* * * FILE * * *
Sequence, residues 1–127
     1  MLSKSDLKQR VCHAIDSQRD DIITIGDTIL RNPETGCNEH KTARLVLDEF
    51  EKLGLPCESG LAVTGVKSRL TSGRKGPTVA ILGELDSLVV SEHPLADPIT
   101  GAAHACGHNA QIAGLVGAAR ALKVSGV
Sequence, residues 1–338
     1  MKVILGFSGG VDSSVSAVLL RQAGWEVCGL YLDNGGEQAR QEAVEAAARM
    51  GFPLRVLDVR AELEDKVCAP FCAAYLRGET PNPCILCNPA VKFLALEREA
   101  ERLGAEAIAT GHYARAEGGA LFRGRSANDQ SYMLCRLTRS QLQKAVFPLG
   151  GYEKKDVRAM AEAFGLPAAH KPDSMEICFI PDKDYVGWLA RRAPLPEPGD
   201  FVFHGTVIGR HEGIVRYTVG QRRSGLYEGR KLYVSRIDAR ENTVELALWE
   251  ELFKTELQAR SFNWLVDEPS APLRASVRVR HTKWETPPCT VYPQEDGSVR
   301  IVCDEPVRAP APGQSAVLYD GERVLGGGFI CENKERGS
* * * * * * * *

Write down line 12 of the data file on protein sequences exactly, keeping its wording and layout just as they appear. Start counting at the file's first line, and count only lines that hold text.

   301  IVCDEPVRAP APGQSAVLYD GERVLGGGFI CENKERGS